Criminal vs. civil law: how wrongful death cases differ
Wrongful death is a type of tort that falls under personal injury (civil) law. While wrongful death cases can arise as a result of a criminal act, they differ from criminal cases in several important ways.
For starters, the purpose of a wrongful death action is not necessarily to punish the person or company at fault (the defendant), but rather to financially compensate the plaintiff for their loss. This compensation is referred to as “damages.”
In criminal cases, on the other hand, a person convicted of homicide or manslaughter might face jail time, probation, loss of their driving privileges and other penalties. Some criminal defendants must also pay a fine to the state, but this money is not given to the spouse or family of the person they killed.
In other words: Though criminal convictions can provide some measure of justice and accountability, they do nothing to financially support a grieving family. If you are seeking monetary compensation for the death of your loved one, you’ll have to file a wrongful death lawsuit in civil court.
Another important distinction is who can bring a case. In a criminal case, a government-appointed prosecutor files charges on behalf of the state and victims. The defendant is represented by either a government-appointed attorney or hires a private defense attorney to represent them. The survivors or estate of the deceased may be called upon as witnesses in a criminal case, but ultimately they have no say over the sentencing or plea bargain negotiations.
In a civil tort such as a wrongful death lawsuit, the deceased survivors or estate may choose to file a lawsuit in civil court. Usually, the plaintiff hires a wrongful death attorney to represent them, and the defendant hires a defense lawyer. Unlike criminal charges, civil claims can be “dropped” if, for instance, a pre-trial settlement is reached during negotiations or mediation.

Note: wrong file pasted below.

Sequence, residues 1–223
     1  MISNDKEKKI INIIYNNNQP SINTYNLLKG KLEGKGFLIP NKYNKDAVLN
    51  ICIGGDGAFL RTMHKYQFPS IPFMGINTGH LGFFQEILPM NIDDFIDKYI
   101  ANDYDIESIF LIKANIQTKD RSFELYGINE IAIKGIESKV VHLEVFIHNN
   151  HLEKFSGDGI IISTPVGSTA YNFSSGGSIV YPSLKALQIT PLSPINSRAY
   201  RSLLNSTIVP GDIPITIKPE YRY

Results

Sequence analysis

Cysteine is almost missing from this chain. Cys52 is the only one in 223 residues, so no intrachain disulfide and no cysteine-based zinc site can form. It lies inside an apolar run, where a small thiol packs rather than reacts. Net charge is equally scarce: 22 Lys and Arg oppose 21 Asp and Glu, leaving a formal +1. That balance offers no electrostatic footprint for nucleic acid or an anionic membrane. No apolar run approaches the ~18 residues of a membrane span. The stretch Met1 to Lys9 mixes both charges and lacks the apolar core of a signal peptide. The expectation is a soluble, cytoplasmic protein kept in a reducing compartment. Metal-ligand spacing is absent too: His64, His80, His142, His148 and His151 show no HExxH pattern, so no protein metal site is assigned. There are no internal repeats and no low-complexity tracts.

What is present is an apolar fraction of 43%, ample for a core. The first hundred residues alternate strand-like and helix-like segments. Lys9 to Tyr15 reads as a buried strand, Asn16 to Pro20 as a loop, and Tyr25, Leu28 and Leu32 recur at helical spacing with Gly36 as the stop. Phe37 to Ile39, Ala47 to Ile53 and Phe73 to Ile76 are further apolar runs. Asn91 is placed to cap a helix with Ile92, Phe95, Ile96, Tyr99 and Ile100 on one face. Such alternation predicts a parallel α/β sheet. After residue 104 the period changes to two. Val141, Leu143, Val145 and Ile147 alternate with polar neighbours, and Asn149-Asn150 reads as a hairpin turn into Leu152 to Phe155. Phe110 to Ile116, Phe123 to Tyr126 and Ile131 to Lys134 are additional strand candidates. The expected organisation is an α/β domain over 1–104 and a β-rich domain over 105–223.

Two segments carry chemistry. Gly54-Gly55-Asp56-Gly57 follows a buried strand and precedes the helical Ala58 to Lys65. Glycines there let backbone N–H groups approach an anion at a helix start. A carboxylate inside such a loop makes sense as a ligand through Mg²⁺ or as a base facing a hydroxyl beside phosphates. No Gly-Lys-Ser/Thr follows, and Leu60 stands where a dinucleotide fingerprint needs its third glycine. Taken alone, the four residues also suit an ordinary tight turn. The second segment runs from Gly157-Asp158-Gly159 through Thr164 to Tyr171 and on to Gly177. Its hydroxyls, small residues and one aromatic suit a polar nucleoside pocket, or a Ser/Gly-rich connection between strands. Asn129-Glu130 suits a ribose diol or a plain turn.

Wrongful death lawsuits and criminal (homicide) charges also differ in how they proceed. Criminal cases usually go to trial, which is presided over by a judge and jury. Sometimes, plea bargain agreements and deferred adjudication can reduce the penalties a defendant must serve, but every person is entitled to a fair and impartial trial under the 6th Amendment to the U.S. Constitution.
Wrongful death actions, on the other hand, rarely proceed to trial. While some cases do go before a judge and jury in civil court, a vast majority of wrongful death claims are settled out of court during pretrial negotiations, mediation or arbitration.
Lastly, the burden of proof differs between criminal cases like homicide and civil cases like wrongful death. In a criminal case, the prosecutor must prove “beyond a reasonable doubt” that the defendant committed the crime. This is the highest legal standard.
In contrast, plaintiffs (or their attorneys) in a wrongful death claim need only establish that the defendant was more likely than not responsible for their loved one’s death (known as a “preponderance of the evidence”) — or at least 51 percent liable.
Proving fault is harder in criminal cases than civil claims, which means that a person whose criminal charges were dismissed could still be liable in civil court for personal injury or wrongful death damages — for example, take the OJ Simpson case. While a criminal conviction can help support a civil tort claim, it isn’t a requirement.